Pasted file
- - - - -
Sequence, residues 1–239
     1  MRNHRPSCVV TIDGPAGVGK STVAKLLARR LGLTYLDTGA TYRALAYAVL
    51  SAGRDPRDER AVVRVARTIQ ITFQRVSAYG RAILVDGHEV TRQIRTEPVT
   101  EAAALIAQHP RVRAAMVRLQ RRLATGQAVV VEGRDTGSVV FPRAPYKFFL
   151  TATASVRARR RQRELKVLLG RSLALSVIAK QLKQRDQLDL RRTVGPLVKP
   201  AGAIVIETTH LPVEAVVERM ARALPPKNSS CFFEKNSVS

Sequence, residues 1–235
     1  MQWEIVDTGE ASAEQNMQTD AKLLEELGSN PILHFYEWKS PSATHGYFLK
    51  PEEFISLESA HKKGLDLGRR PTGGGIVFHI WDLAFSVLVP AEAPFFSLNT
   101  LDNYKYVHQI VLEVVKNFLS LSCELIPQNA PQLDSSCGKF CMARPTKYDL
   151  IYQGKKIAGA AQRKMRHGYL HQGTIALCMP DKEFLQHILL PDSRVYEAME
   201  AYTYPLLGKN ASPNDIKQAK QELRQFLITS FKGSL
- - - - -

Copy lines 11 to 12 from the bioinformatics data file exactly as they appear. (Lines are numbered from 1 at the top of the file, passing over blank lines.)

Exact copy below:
   151  IYQGKKIAGA AQRKMRHGYL HQGTIALCMP DKEFLQHILL PDSRVYEAME
   201  AYTYPLLGKN ASPNDIKQAK QELRQFLITS FKGSL